The State University System of New York (composed of 64 colleges, universities, and community colleges) and the University of Texas System (composed of 9 universities) are among the schools participating in the new transparency initiative.

Additionally, the administration is seeking feedback for the final version of its model financial aid award letter that will be part of a planned fall rollout.  The hope is that more schools will commit to using a version of this model letter as a way to improve transparency.

Vice President Biden, Secretary Duncan, CFPB Director Cordray and College Presidents Meet About Transparency of College Costs

Related:  How to improve college financial-aid award letters

May 10, 2012

Weak economic recovery has been a ‘boom for the grannies and a bust for the kids’

by Grace

An analysis of recent jobs figures at Investor.com reveals a disturbing development: the biggest beneficiaries from the economic recovery are Boomers, while everyone else is getting the shaft.

Among those 55-and-up, the employment-to-population ratio barely dipped even in the depth of recession and is now higher than at the end of 2007. The ratio among those 25-54 remains about 4 percentage points lower than before the recession started.

Older workers are staying on the job longer, in part to counter lackluster performance of retirement accounts and housing values.  Meanwhile, the high unemployment rates of Generation X and Millennials could help explain the rise of  young adults living with their parents.

Long-Term Trend

The trend of falling employment as a share of the 54-and-under population and rising employment among those 55 and up has been in force for more than a decade.

See this chart for the labor participation rates going back to 1948.

Walter Russell Mead on the politics of this generational job divide

… it’s ironic to say the least that a president swept into power on a tsunami of young voter support has presided over a boom for the grannies and a bust for the kids. Logically, President Obama should expect to do somewhat better among senior citizens and worse among young people than in his first campaign — but logic often goes one way and politics another.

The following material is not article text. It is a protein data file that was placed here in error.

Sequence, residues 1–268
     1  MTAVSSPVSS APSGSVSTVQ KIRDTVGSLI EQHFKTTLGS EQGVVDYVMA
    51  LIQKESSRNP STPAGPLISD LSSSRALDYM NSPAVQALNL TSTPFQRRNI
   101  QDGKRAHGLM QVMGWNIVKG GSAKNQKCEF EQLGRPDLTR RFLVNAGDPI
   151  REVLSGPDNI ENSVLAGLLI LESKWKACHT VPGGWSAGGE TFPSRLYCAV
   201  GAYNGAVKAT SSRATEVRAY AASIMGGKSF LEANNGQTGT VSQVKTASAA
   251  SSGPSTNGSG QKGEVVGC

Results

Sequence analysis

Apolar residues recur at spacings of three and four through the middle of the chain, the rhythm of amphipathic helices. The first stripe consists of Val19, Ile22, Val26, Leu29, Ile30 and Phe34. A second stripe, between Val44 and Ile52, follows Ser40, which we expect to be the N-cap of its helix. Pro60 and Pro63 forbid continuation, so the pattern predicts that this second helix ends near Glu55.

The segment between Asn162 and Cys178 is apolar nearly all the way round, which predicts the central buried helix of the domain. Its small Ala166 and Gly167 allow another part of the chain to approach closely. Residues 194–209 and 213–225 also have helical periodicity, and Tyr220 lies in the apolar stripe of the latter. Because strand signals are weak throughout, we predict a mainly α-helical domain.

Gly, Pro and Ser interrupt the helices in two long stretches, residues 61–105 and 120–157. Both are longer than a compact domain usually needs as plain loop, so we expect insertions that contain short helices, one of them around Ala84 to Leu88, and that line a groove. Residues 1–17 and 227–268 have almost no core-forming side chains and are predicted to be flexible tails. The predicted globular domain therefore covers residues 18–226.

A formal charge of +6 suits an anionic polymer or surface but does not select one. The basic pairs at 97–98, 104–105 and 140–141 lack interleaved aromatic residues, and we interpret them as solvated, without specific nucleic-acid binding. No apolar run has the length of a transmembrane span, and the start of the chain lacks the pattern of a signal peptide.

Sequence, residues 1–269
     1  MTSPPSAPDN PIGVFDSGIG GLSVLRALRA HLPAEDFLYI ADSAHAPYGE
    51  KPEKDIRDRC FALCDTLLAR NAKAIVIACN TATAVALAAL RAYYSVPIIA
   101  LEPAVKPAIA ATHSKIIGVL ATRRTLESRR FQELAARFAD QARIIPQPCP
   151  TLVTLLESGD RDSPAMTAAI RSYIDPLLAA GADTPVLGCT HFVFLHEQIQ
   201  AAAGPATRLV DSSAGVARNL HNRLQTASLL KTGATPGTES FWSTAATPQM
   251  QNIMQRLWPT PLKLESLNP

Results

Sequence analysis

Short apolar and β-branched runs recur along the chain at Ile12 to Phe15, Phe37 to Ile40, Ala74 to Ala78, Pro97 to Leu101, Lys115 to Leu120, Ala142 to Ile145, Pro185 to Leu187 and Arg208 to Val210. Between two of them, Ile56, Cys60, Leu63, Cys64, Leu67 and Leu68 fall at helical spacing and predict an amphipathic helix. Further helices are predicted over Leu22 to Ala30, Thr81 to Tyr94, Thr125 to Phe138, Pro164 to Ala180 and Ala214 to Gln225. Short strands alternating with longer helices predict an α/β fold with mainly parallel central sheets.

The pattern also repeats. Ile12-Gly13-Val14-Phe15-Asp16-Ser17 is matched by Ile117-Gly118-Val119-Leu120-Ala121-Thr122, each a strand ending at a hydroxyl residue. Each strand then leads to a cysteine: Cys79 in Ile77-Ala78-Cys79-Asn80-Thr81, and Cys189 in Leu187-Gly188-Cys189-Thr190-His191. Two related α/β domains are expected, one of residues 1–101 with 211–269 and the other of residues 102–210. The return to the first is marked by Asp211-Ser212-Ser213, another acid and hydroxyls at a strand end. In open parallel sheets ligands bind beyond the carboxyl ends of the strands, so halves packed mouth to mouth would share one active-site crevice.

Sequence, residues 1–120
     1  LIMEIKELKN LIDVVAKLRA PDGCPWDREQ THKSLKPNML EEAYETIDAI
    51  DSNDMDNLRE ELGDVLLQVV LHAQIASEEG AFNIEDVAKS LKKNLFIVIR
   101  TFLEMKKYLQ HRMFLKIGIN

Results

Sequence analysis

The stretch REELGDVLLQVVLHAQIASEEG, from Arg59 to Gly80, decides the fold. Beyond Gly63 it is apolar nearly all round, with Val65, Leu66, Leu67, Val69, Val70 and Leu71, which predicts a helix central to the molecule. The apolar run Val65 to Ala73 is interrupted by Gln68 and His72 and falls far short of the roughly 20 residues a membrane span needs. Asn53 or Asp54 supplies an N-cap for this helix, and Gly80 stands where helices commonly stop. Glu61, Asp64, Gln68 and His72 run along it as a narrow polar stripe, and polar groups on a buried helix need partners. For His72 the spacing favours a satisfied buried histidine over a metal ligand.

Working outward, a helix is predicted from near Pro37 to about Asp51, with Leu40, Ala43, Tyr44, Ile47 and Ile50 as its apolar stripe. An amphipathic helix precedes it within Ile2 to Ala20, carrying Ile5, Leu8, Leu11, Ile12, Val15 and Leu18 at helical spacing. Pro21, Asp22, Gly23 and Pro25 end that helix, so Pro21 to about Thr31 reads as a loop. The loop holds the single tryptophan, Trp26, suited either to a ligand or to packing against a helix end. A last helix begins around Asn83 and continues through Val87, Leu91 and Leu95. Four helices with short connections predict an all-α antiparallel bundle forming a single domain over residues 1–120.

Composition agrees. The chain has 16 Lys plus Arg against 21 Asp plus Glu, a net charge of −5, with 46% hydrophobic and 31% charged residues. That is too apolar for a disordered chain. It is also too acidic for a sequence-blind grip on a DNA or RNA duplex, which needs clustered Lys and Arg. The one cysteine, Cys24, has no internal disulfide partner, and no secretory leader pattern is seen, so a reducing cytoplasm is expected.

October 26, 2011

Obama administration offers student loan relief

by Grace

President Obama is expected to announce two initiatives aimed at easing the burden of paying back student loans.

1.  Earlier start date for enhanced Income-Based Repayment Plan

The way it works now is that graduates who enroll get charged 15% of their monthly discretionary income to pay off loans, with debt forgiven after 25 years.

Congress passed a law set to go into effect in 2014 that would drop the monthly payment to 10% of discretionary income and would forgive all debt after 20 years. The Obama administration would improve on the law by fast-forwarding the new terms to take effect in 2012, sources say.

The bright spot for the unemployed is that the monthly payments are based on any income above 150% of the poverty line. For a graduate living alone, the payments would be on 15% of any dollars made above $16,335, based on the 2011 poverty line.

And unemployed graduates with no income would owe no monthly payments on their student loans, education experts say.

2.  New provision to allow loan consolidation 

The proposal would impact students with both direct loans and federally backed loans, allowing students to consolidate loans held by private banks into direct loans.

Both kinds of loans are offered at the same interest rate. But having all federal loans consolidated into direct loans could give graduates a chance at forgiveness programs if they work in public service or at nonprofits for a decade.